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Implantation of a VDD implantable cardioverter-defibrillator lead via a persistent left superior vena cava

Implantation der VDD-Sonde eines implantierbaren Kardioverter-Defibrillators über eine persistierende linke obere Hohlvene


A persistent left superior vena cava (LSVC) represents a challenging congenital abnormality for transvenous cardiac device implantation. In the current case a secondary prophylactic VDD implantable cardioverter-defibrillator (ICD) implantation was planned in a 75-year-old woman presenting with ischemic cardiomyopathy and elevated stroke risk. Since no venous communication to the right side was identified intraoperatively, the lead was placed via the persistent LSVC. The far-field signal on the floating atrial dipole could be successfully blanked out, and appropriate device function with high and stable atrial sensing was demonstrated at follow-up.


Eine persistierende linke obere Hohlvene ist eine angeborene Anomalie, die anspruchsvoll hinsichtlich der transvenösen Implantation eines kardialen Geräts sein kann. Bei einer 75-jährigen Patientin mit ischämischer Kardiomyopathie und erhöhtem Schlaganfallrisiko wurde eine sekundärprophylaktische VDD-ICD-Implantation geplant (ICD implantierbarer Kardioverter-Defibrillator). Da intraoperativ keine venöse Verbindung zur rechten Seite festzustellen war, wurde die Elektrode über die persistierende linke obere Hohlvene gelegt. Das Fernfeldsignal am flottierenden atrialen Dipol konnte erfolgreich ausgeblendet und eine adäquate Gerätefunktion mit guter und stabiler atrialer Wahrnehmung in der Nachsorge nachgewiesen werden.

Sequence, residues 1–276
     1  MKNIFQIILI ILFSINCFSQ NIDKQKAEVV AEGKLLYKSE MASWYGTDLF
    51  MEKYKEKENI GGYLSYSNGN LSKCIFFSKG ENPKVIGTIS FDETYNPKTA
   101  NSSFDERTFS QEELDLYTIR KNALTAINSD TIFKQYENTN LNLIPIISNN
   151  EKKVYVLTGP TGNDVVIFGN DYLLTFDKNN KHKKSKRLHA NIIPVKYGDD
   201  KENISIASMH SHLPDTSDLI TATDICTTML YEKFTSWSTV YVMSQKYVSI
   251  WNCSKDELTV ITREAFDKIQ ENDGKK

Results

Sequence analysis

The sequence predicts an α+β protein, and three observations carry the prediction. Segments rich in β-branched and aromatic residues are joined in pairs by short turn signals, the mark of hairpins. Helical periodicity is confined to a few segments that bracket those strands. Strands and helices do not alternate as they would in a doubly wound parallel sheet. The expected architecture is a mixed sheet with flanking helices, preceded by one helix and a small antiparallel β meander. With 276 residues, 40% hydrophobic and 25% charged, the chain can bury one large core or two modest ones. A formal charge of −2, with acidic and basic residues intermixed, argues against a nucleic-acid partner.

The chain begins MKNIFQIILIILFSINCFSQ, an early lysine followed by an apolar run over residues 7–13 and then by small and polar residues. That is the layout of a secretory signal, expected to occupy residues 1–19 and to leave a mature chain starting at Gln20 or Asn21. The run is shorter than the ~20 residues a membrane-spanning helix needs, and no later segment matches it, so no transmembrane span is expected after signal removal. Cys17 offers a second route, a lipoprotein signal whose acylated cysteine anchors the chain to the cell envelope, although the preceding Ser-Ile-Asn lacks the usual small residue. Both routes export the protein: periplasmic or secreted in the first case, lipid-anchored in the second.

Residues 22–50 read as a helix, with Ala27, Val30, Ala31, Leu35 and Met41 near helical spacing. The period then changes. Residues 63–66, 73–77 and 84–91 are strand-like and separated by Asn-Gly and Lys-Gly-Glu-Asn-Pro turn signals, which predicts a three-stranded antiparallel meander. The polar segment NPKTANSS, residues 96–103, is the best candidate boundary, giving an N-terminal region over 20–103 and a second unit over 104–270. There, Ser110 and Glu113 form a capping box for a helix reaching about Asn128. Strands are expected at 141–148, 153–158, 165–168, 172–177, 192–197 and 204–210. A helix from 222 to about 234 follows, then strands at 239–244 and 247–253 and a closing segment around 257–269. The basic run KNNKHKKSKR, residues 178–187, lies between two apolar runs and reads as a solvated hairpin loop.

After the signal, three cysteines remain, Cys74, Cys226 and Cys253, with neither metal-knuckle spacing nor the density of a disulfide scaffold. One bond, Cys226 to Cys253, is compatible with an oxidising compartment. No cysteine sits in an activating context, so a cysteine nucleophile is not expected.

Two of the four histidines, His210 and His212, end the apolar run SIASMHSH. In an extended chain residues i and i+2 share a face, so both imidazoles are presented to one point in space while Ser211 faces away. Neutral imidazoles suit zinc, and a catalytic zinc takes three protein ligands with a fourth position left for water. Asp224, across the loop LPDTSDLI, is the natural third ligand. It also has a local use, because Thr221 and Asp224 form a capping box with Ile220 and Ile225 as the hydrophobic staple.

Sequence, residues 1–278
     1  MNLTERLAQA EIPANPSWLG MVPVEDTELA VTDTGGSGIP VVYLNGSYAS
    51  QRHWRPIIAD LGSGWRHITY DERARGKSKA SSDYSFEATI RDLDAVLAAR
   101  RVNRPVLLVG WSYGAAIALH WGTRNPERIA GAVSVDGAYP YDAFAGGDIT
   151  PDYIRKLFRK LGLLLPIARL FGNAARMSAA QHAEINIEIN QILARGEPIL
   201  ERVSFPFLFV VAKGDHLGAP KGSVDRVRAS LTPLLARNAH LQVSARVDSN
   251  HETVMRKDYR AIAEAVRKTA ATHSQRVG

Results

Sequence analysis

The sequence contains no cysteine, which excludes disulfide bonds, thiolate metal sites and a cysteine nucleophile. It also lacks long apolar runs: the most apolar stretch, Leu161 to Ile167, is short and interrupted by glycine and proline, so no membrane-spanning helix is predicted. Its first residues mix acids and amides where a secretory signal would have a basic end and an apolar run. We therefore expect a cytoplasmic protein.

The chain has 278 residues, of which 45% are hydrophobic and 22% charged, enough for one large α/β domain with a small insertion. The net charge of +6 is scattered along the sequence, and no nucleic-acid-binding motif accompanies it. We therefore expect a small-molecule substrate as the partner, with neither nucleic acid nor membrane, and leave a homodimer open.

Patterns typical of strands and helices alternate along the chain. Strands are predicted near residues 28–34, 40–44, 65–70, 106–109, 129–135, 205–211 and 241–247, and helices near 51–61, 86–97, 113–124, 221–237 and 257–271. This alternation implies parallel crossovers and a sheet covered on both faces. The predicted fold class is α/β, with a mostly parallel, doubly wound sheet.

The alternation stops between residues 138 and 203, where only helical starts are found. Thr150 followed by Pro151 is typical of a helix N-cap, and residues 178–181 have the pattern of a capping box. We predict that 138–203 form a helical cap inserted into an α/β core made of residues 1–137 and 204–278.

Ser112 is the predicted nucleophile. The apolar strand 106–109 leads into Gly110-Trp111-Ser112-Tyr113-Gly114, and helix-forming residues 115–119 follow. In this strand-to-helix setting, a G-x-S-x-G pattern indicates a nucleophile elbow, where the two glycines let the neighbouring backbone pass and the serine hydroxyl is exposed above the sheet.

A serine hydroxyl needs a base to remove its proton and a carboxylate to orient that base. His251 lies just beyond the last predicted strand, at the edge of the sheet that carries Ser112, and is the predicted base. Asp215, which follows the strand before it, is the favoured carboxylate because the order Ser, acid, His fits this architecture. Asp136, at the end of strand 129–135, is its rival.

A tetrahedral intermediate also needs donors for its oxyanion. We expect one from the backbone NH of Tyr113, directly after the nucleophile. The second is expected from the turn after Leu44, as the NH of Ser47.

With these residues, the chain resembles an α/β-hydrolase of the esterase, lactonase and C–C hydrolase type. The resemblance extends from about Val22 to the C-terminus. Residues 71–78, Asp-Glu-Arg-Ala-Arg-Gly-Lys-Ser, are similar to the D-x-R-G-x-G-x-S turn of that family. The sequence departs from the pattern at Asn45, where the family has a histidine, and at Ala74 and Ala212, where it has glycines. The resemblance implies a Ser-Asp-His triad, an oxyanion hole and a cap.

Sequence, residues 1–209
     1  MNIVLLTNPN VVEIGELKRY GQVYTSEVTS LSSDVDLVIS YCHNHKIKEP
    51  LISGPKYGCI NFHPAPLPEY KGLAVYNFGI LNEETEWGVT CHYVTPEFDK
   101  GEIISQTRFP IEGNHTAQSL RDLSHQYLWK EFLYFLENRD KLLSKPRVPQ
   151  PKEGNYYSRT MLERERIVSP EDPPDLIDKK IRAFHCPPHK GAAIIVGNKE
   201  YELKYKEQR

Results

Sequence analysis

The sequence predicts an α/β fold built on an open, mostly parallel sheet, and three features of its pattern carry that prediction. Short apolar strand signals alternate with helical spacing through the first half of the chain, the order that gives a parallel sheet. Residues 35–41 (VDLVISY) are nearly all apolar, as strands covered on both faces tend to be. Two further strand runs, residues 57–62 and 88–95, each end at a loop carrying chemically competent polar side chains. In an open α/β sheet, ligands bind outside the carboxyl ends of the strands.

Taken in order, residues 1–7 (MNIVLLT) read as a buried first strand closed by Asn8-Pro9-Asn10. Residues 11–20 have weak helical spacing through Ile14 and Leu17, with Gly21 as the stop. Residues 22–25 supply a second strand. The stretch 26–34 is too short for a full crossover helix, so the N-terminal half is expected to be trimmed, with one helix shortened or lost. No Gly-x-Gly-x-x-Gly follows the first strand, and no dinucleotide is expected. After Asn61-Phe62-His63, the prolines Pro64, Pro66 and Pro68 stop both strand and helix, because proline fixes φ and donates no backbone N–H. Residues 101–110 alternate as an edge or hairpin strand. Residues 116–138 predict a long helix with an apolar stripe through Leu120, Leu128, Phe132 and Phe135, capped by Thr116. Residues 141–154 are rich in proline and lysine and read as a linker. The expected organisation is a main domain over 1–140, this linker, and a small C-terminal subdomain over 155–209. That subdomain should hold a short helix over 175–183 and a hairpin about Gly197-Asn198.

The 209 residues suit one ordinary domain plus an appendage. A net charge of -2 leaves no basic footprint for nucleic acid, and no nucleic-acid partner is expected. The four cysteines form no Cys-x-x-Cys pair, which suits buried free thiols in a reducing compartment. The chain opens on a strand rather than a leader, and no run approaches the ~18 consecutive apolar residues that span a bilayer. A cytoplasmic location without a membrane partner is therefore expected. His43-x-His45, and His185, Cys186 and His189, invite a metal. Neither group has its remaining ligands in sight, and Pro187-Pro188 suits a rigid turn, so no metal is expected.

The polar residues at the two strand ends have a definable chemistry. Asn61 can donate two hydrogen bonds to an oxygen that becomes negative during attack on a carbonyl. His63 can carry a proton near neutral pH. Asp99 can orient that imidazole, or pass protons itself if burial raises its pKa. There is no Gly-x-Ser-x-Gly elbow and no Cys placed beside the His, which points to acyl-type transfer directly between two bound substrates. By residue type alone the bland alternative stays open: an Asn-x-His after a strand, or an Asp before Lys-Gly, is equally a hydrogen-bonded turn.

Medical history

The case of a 75-year-old woman with ventricular tachycardia accompanied by hemodynamic instability due to ischemic cardiomyopathy (left ventricular ejection fraction of 37%) is reported. Since coronary angiography could not identify a target lesion, secondary prophylactic implantable cardioverter-defibrillator (ICD) implantation was indicated. In light of slightly prolonged atrioventricular (AV) conduction (PQ 210 ms), narrow QRS (110 ms) and an elevated stroke risk (CHA2DS2-VASc score: 6), the decision was taken to implant a VDD ICD system (Intica 5 VR‑T DX, Biotronik SE & Co., Berlin, Germany) with the capability of monitoring atrial arrhythmias.

Therapy and its course

After starting the procedure from a typical left infraclavicular side, a persistent left superior vena cava (LSVC) was recognized and no relevant left to right venous communication could be identified by intraoperative venography. Hence, the lead (Plexa ProMRI DF‑1 DX 65/15, Biotronik SE & Co., Berlin, Germany) was successfully placed from the left subclavian approach via the LSVC by using a hand-shaped stylet (Fig. 1). Beside a high atrial sensing amplitude (8.7 mV), a double potential typical for coronary sinus was recorded directly after implantation in the atrial channel, especially during AV-synchronous ventricular pacing, as expected (Fig. 2). The far-field signal could be successfully blanked out with prolongation of the far-field protection window. Appropriate device function with stable and high atrial sensing amplitude was demonstrated at follow-up (4.3–6.5 mV at 1 year) (Fig. 3).